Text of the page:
Don't Ignore Your Ingrown Toenail

Last week we began a discussion on ingrown nails in the spirit of National Foot Health Awareness Month. While this is a very common condition effecting 26% of the population, in a select few the repercussions can be very serious. Diabetics, especially, should not take ingrown nails lightly. They should be evaluated by a podiatrist before penetration of the skin, and especially before any infection sets in.

Infection can be detected by a sharp increase in pain, redness, swelling, and/or tenderness over the skin on the effected side. Certain patients may require further workup prior to treatment if certain causes are suspected. While we discussed the most common causes of ingrown nails last week, persistent ingrown nails may actually be caused by rare (and sometimes serious) underlying issues. Obviously, the underlying cause will need to be treated to avoid the ingrown nail returning.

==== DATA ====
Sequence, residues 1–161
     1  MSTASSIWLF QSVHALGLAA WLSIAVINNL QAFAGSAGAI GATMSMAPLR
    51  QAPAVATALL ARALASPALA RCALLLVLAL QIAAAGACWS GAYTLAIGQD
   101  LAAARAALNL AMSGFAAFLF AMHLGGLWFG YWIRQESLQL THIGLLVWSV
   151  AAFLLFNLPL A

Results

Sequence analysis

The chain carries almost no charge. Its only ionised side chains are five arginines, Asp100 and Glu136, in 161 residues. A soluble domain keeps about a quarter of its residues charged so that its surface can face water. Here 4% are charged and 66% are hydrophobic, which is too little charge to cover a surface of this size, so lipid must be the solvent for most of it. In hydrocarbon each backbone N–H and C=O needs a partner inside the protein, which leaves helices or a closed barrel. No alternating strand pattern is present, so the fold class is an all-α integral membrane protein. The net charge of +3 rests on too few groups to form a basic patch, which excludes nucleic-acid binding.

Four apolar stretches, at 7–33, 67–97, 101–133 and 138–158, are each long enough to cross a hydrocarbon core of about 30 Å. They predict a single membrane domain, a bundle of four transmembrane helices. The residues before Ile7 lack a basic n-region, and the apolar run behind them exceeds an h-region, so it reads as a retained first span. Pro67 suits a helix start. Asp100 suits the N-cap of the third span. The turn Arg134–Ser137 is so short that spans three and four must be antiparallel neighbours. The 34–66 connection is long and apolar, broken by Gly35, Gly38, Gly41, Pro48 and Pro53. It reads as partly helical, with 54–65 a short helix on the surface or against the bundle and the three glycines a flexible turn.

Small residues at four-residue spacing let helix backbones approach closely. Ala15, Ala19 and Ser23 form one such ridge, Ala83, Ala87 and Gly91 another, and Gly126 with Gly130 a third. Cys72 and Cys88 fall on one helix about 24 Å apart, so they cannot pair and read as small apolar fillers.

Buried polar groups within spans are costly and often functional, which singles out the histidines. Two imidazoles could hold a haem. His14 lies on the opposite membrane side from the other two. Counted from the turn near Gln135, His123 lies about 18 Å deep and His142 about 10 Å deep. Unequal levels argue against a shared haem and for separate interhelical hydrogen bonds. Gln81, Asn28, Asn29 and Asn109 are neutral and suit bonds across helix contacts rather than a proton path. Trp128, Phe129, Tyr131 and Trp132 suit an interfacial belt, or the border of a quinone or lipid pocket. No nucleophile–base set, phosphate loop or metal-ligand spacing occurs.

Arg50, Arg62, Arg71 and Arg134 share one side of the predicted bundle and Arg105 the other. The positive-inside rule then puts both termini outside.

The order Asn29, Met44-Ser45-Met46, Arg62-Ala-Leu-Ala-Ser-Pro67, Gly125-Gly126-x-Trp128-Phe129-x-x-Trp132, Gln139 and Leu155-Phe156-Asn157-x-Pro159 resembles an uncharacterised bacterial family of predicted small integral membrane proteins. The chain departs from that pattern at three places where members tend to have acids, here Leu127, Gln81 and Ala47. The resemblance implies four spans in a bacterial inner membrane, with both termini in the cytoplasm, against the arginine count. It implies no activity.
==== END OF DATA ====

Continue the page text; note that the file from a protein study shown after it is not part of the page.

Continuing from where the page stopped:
Just to give you an idea of the diversity of symptoms that can present similar to an ingrown nail, here is a list of nonthreatening conditions: bone cyst, bone infection, wart, fibroma, neurofibroma, fibrokeratoma, myxoid cyst, pyogenic granuloma, glomus tumor, keratoacanthoma, or a bone spur. Malignant lesions (those that could be cancerous) include: squamous or basal cell carcinomas (both are forms of skin cancer), Bowen disease, melanoma (a more aggressive form of skin cancer), and of course bone cancer.

The likelihood of an ingrown nail being anything more than an ingrown nail is quite rare; however, here at Cast a Foot Podiatry in Hempstead, I am trained to spot the unusual presentations. That is another reason why you should have your ingrown toenails treated by a podiatrist.


Nicole M. Castillo, DPM

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